CPS visitation trouble -- some parents may get to see kids soon
Photo: Video by kgun9.com
Reporter: Craig Smith
TUCSON (KGUN9-TV) - It's been almost exactly a month since what CPS called a misunderstanding shut off visits between troubled parents and their kids.
The holidays came and went while parents and kids wondered when they'd see each other.
Nine on Your Side has been following this story since the trouble appeared, now as Craig Smith reports, some visits involving some of the private agencies that supervise visits under contract, could resume as soon as Tuesday.
The visiting rooms have been empty at Aviva Children's Services since early last month. That's when a surge in troubled families cleaned out Aviva's budget sooner than expected. When CPS wouldn't extend funding, Aviva had to lay off staff and shut down supervised child-parent visits.
Now CPS is gradually doling out funding, but requiring new case referrals before approving visits.
Aviva director Bob Heslinga says so far 17 families are approved for visits. His agency used to serve 110.
KGUN 9 reporter Craig Smith asked Heslinga: "Have they created more work by requiring fresh referrals to resume this process?
Heslinga laughed as he said, "You know, your guess is as good as mine. It would seem to me that it is. There now has to go through...I'll tell you what we're dealing with right now. We've got the 17 referrals. That means that we have to contact the case manager. We have to get letters out to the biological family as well as the foster placement. We have to set up a schedule. It takes a minimum, a minimum of two days to get that done, if, we can indeed find a case manager at their desk."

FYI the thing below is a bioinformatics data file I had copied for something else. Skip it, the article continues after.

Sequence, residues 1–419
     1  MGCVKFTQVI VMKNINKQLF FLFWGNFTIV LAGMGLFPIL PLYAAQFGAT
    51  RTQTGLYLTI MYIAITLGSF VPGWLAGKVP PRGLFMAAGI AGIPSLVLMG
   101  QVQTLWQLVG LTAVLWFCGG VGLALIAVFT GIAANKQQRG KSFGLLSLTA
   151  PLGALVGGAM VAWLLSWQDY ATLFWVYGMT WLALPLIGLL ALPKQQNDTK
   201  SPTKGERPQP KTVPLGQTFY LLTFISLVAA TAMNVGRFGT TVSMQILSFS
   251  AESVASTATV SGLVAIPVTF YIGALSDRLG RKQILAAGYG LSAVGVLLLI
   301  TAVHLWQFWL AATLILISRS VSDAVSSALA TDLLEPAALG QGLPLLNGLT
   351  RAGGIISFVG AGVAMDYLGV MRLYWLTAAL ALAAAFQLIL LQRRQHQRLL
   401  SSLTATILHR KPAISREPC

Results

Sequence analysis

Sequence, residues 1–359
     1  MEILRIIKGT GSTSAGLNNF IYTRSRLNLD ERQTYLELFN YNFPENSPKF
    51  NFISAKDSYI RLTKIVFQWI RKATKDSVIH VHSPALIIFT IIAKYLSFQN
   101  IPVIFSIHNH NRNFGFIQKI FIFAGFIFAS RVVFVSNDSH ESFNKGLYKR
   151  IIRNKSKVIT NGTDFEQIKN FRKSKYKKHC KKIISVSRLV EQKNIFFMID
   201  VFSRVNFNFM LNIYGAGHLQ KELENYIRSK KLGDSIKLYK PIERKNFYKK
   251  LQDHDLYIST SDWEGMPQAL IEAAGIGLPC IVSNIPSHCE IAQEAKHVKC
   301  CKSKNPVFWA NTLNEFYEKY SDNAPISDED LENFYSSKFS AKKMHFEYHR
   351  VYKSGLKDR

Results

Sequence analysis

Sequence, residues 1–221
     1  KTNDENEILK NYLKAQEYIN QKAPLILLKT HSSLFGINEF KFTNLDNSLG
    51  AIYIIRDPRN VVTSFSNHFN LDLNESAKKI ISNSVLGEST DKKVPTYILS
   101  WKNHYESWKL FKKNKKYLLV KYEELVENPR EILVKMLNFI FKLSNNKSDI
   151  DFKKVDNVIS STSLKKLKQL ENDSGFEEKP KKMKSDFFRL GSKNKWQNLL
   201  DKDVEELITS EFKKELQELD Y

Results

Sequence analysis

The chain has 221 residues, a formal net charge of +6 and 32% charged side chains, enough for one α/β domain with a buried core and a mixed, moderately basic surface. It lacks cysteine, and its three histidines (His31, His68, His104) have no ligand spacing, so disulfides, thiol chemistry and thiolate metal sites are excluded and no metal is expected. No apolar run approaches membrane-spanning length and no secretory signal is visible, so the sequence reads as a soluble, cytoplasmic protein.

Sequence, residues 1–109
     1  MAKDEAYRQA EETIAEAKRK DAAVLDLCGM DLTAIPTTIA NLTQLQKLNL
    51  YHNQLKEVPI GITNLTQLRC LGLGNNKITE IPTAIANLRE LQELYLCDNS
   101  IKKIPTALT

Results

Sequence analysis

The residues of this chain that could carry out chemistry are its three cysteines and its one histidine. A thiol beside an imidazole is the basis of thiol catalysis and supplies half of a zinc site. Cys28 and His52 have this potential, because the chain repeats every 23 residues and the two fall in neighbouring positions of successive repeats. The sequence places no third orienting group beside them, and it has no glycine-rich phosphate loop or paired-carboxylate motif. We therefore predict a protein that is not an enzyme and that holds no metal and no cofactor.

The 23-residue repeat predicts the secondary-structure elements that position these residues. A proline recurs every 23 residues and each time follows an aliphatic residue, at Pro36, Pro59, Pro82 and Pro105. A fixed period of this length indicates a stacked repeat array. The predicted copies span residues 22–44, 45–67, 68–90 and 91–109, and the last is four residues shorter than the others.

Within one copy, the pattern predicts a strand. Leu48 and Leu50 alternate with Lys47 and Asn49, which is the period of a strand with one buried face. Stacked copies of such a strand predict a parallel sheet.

State Rep, soon to be State Senator Steve Farley, says it makes no sense to slow down visits with new referral requirements. He says citizens should push lawmakers to make sure CPS can and does take good care of kids.
"I'm thankful you're on this. I hope people keep paying attention to this. Too often these kids in trouble are forgotten until somebody gets killed; and we have to act before that happens."
Here's a sad piece of arithmetic.
Before the shut down, as just one agency among many, Aviva served 110 families, and usually oversaw at least two visits, per family, per week.
Through December, through the holidays and up to the gradual ramp up now, that's about 880 visits that did not happen.
Some visits may have happened under direct CPS supervision.
On Monday KGUN9 asked CPS how many visitations it handled in the interim. You'll recall, it promised the public previously that "nothing would change." But now it rurns that that CPS can't tell you whether it kept that promise. CPS responded late Monday and basically said it doesn't know how many visits it actually handled. An agency spokesperson says CPS workers often supervise visits as part of their regular duties and they're not required to keep track of those visits.
The Arizona Legislature starts next week.
Senator-elect Steve Farley thinks prospects might be fairly good because there's so much talk about CPS now but he says there's often a strong resistance to appropriating more money for almost anything.